"To get paid, we have to prove we delivered our enduring messages of devotion. So we either do it in public in front of multiple witnesses or we have the lucky recipient of affection sign our form, acknowledging that they've been rhapsodized, swept off their feet, etc."

Harry's heart soared at the thought of being able to end this nightmare of a day with a few flourishes of a quill. "So I just need to sign something and you'll leave me alone?"

"I'm afraid it's not that simple," the dwarf complained, "you see, beyond our monetary compensation, we dwarves love nothing more than fulfilling the profound and mysterious desires of the heart for all to see. Having to deliver our messages in private leaves us quite bereft."

"Bereft?"

"And we're back to repeating words again," the dwarf grumbled. "As I was saying, the emotional trauma of settling for a mere signature is quite profound and unsettling. And when you add on the ridiculous sales targets that management has established for us today, many of us are quite distraught."

"Can you just tell me what you want?" Harry asked through gritted teeth.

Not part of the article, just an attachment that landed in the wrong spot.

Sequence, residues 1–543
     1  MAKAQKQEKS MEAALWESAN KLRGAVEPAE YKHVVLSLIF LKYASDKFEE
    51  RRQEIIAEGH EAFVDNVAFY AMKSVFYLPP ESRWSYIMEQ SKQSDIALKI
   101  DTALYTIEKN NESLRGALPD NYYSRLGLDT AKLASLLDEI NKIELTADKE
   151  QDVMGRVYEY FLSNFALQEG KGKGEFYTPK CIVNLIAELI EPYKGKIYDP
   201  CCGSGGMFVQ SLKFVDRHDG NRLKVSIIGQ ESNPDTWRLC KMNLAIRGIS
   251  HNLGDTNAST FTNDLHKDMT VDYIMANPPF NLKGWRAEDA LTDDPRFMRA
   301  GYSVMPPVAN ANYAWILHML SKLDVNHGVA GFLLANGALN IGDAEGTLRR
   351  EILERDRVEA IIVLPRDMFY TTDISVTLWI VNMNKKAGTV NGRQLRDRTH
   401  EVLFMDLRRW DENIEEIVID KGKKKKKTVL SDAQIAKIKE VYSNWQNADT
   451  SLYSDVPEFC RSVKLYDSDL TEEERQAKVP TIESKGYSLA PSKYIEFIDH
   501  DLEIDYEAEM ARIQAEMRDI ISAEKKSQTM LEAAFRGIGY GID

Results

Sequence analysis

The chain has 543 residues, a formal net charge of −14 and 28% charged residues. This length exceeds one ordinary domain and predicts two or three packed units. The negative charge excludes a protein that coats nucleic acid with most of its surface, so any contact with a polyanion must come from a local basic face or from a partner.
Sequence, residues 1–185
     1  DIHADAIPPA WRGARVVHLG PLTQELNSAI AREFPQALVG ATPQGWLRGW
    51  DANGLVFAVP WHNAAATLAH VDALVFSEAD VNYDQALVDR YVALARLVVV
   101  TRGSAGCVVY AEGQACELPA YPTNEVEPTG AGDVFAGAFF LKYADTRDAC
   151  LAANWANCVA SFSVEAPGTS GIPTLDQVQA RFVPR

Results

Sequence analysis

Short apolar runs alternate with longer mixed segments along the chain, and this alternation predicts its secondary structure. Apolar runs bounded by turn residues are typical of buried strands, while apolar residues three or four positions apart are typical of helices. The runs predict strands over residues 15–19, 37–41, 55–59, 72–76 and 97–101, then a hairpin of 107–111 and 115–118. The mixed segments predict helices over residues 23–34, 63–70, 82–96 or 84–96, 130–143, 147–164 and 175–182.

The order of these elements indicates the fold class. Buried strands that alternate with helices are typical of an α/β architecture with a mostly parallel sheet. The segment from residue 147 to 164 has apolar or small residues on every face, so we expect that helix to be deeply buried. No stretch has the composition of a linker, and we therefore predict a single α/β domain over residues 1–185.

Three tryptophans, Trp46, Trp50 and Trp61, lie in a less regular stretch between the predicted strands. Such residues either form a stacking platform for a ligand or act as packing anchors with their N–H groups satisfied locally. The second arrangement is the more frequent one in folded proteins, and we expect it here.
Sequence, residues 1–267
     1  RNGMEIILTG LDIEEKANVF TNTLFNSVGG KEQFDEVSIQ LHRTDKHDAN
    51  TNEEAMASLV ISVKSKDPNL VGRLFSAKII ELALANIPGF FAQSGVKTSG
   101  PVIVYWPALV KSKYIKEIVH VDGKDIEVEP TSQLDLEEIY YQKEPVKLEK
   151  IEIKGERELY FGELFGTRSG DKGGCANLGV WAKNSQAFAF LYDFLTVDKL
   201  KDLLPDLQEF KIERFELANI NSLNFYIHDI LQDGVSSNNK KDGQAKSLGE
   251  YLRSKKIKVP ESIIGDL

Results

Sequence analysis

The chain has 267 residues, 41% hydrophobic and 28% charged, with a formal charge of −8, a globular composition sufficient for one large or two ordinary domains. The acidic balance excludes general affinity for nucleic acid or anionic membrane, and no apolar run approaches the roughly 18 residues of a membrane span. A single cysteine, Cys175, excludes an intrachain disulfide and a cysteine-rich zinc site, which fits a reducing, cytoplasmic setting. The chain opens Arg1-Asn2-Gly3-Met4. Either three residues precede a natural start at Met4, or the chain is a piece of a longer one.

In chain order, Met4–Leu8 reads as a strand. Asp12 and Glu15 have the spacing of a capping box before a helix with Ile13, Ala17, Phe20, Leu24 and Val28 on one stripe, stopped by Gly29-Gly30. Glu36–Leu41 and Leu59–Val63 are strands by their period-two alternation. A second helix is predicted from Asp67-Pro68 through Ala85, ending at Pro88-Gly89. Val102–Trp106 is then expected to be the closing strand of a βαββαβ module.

"It's simple, you've got Valentines you'd like to avoid hearing and I've got sales quotas I need to achieve. What I'm suggesting is a mutually beneficial arrangement. In exchange for not embarrassing you in front of everyone, you buy a Valentine poem for someone."

He had a full-on headache now. "That's extortion."

The dwarf looked highly offended. "Extortion is a bit strong don't you think? I prefer to think of it as encouraging connections of the heart."

"Forget it," Harry replied as he resumed the trek to his hideaway. "You and your friends can deliver all your poetic affirmations to me in person; I'll be the only one to hear them anyway. That is unless you plan on kidnapping me."

His path was blocked as the dwarf fluttered down in front of him. Apparently the cupid wings weren't just cosmetic. The predatory grin on the dwarf's face sent a chill down Harry's spine.